Like I said, it is a good premise, and they do play with it, but not as much as I figured they would. Dano and Kazan are good, but a lot of the notable supporting cast aren't given nearly enough to do, namely Coogan, Benning, Gould, and Banderas.
I did like this movie, but, like the film itself, I'm all over the place with how I feel about it. I'm more pleased than not, but ultimately feel it could have been somewhat better conceived, and definitely better executed.
Major spoilers *salute*
There are humorous moments - Paul Dano's physical comedy when Calvin discovers Ruby is real; there are dramatic moments - Ruby wanting more space in the relationship and Calvin fears losing her; there are darkly comedic moments - Calvin playing God and making Ruby Overly-Attached Girlfriend "I MISS YOU RIGHT NOW!!!"; and there are intense, disturbing moments - the climax of Calvin literally trapping Ruby in the room and making her dance like a puppet.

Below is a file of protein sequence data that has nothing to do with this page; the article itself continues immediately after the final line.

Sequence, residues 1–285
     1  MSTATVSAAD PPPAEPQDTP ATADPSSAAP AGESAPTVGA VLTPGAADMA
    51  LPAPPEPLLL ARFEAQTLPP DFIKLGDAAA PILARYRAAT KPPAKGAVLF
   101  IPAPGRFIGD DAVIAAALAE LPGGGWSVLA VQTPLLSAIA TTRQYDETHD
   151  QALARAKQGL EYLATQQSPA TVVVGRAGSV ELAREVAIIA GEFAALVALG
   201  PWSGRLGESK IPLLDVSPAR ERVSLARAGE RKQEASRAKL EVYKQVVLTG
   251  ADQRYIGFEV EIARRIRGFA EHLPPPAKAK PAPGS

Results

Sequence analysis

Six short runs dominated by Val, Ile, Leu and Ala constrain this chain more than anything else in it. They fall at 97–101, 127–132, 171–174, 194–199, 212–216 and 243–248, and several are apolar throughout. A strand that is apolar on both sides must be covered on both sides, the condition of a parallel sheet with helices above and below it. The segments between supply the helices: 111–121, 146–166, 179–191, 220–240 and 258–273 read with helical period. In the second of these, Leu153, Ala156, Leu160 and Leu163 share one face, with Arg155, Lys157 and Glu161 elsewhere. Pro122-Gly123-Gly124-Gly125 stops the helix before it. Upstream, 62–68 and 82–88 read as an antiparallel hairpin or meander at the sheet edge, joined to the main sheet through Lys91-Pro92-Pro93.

Calvin Weir-Fields (Paul Dano) is struggling writer who once wrote a 'genius' novel when he was 19 years old. The trouble is, he's now struggling for material and suffers from writer's-block. On the advice of his therapist (Elliott Gould), he begins to write about a girl that has been appearing in his dreams: Ruby Sparks (Zoe Kazan). The next day, Ruby becomes a real person and they both strike up a beautiful and loving relationship. What Calvin then realises is, that if he can will her into existence by writing about her, then he can change her at any time and make her do what he wants by writing more.
Not many films built around romance have had the audacity to explore the very nature of love itself and the stipulations that seemingly come with it. It's a genre I'm not fond of but that's only because most are catered for the masses. This film dares to explore the complexities of a relationship and the stipulations that both sides make. It questions whether we can really love a person, wholeheartedly, without their indiscretions ever becoming irritating or intolerable. It also addresses the nature of dominance within a relationship and how that, in itself, is destructive.